Gravity inversion, or hanging out, upside down, has been a way of life for me for many years now. It all began with learning the headstand pose of Hatha yoga back in the early 1970s. Hippocrates, the father of modern medicine, knew all about the benefits of inverting the spine; he hung patients from ladder rungs on ropes back in antiquity.
After finely getting my balance for this headstand, I was told by a chiropractor not to do it, as x-rays disclosed that I’ve had whiplash in my past that did some damage to my neck years ago. This was not a good pose for me, anymore. What to do? I used the shoulder stand pose instead for a number of years as a substitute but then, in 1983, I purchased my own cabin and piece of land in the woods and noticed that the beams supporting my front porch could easily support me too; you guessed it, upside down!
My gravity inversion device was simple, crude and very cheap but proved to be a hassle to get into. I tied two rope circles off of the large horizontal beams for my feet to go in, and then stood on a tall wood stump chopping block so I could pull myself up to the beam and hold on with one hand, while the other hand quickly attempted to get my work boot through the rope circle- whew!!! After finally getting into this basic harness, I let myself slowly invert by lowering my body down holding a rope tied off with knots. Then I would hang out, sometimes for up to twenty minutes. I would be so relaxed that I nearly fell asleep once. Pulling me back up those rope knots was not so easy! And the hassle of holding my body weight with one hand, while quickly trying to get my darn thick work boot back out of the rope circle, was making this form of yoga a real hassle. There must be a better way!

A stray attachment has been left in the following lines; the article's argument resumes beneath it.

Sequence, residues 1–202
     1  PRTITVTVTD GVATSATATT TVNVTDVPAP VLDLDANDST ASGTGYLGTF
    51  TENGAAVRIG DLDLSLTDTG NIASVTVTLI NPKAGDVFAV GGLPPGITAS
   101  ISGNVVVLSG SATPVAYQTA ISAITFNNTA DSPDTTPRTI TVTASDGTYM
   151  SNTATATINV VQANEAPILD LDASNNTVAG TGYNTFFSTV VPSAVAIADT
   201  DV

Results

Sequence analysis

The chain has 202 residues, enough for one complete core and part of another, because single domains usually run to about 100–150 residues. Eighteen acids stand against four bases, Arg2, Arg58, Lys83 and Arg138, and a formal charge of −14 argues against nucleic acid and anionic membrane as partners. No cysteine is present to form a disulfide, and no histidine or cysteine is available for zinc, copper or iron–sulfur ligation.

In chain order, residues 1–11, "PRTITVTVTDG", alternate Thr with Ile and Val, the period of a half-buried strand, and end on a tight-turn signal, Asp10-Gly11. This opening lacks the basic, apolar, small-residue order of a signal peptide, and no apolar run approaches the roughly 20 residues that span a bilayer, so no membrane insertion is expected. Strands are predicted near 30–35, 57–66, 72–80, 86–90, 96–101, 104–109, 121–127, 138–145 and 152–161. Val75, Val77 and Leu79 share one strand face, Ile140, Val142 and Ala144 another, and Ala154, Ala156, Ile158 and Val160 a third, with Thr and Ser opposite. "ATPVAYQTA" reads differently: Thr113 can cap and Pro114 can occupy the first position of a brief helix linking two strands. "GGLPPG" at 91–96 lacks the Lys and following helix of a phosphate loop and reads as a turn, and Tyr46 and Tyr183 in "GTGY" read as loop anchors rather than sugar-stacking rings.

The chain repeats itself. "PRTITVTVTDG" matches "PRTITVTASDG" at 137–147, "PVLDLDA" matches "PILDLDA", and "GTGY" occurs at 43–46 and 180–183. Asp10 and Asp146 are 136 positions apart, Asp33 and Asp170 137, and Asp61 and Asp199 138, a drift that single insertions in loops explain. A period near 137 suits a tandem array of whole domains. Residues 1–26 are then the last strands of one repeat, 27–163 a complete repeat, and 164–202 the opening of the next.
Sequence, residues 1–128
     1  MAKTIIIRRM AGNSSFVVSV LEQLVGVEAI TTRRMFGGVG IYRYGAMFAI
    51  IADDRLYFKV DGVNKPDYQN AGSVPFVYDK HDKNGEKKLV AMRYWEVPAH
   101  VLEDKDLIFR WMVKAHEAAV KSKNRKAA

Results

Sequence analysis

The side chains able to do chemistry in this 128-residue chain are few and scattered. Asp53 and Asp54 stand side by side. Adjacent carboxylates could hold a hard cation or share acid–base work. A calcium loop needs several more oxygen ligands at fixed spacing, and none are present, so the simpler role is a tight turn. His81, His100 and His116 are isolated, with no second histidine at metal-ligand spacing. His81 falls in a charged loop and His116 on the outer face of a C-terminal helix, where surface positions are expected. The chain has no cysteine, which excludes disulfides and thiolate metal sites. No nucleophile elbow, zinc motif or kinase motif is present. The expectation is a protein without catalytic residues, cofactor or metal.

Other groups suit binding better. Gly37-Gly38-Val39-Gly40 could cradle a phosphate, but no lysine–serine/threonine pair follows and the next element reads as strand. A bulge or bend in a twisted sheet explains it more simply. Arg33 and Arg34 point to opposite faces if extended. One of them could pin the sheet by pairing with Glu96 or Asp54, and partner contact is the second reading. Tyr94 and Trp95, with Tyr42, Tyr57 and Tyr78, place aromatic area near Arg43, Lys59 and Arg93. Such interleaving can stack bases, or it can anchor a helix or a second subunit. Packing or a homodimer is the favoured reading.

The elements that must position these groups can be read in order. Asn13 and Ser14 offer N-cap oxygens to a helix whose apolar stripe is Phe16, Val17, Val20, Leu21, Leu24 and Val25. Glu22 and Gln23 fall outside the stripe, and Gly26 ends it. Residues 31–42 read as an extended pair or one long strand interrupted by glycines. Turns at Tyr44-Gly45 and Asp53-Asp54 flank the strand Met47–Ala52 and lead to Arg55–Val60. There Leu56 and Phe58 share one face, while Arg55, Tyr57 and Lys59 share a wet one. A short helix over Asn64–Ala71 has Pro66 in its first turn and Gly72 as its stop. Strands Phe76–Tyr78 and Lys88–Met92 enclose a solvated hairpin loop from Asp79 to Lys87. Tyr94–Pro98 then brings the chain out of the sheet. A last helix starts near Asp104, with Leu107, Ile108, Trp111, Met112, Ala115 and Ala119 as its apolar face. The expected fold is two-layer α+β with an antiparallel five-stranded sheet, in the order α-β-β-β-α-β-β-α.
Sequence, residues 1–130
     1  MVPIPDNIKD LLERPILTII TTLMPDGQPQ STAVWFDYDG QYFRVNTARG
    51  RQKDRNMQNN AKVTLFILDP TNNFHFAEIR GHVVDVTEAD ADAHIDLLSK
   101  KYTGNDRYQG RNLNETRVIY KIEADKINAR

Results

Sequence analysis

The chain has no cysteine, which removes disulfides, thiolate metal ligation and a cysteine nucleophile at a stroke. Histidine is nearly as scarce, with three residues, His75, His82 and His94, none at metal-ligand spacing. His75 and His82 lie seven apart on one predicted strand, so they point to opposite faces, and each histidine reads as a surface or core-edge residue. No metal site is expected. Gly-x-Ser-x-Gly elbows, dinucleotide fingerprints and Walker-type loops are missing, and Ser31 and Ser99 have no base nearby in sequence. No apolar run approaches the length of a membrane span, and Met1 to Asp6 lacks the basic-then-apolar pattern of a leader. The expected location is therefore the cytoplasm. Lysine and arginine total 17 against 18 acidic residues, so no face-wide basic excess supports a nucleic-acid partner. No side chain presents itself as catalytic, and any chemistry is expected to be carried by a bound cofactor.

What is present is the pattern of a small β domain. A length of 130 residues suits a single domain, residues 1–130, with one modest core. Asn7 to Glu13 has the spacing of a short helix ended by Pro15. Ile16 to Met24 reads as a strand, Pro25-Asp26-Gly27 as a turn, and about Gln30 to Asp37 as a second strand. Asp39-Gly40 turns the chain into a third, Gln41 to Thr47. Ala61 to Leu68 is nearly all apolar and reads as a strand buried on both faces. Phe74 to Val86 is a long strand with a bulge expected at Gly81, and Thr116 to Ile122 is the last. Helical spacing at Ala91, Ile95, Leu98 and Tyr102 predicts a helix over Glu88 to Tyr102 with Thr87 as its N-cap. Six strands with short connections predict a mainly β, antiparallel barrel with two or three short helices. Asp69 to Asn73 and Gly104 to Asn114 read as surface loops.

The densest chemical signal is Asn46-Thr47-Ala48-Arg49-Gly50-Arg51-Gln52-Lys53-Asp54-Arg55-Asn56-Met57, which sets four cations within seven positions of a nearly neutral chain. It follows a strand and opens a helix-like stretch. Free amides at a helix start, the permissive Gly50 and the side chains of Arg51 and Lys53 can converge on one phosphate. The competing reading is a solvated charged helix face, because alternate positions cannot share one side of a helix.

There was. It came into my life much later, in 2006, as the “gravity inversion table”. My roommate and I happened to purchase one on sale at K-Mart for around $120. That had me off and hanging again. All you do is just pull your arms over your head and lean back on this apparatus. I swear my hair grows faster from the increased blood flow to my scalp and brain. And talk about relaxing! Once you get used to this device and learn to really let go in every body part as you relax into the passing minutes, you’ll find this to be way cool and very meditative. But like anything else in life, this device takes daily practice to measure results. As we age, our spines slowly collapse. That is why really old people look so small. By inverting on a regular basis, you can reverse this aging problem; you will stand straight and walk tall as you grow older.
My mom always told me to walk like I was a puppet on a string, holding me straight up and tall. She’d been in the Army in the second world war, so I’m sure she understood the scream, “attention!” and the value of standing tall with a straight spinal column immediately. The spinal column is the tree of life in our body, period. All yogis know this is where the sacred Kundalini energy is stored, and will one day begin its climb from the base of the spine up the column to the pineal gland in our brain. This channel must be straight. Nobody likes seeing hunched over depressed pathetic people. Stand up straight as you walk through life; it inspires others and you’ll feel better about yourself. If you need help doing this, you might consider hanging out, upside down for awhile. It works for me and I’m sixty-two, with my same height as always- 5 feet, 11”. Hang in there!

Author's Bio: 

Singer/songwriter Rob Rideout is the award winning author of Still Singing, Somehow. He lives on a farm overlooking Colville, WA with his three cats Baba, Maya and Olive. He just released a second book of poetry, based on his song lyrics and has a CD of original songs scheduled for release May 2011. These songs of three decades are meant to accompany both books. Rob’s books can be viewed or purchased @ He can be contacted there too. Also check out Rob’s blog on the home page of his website.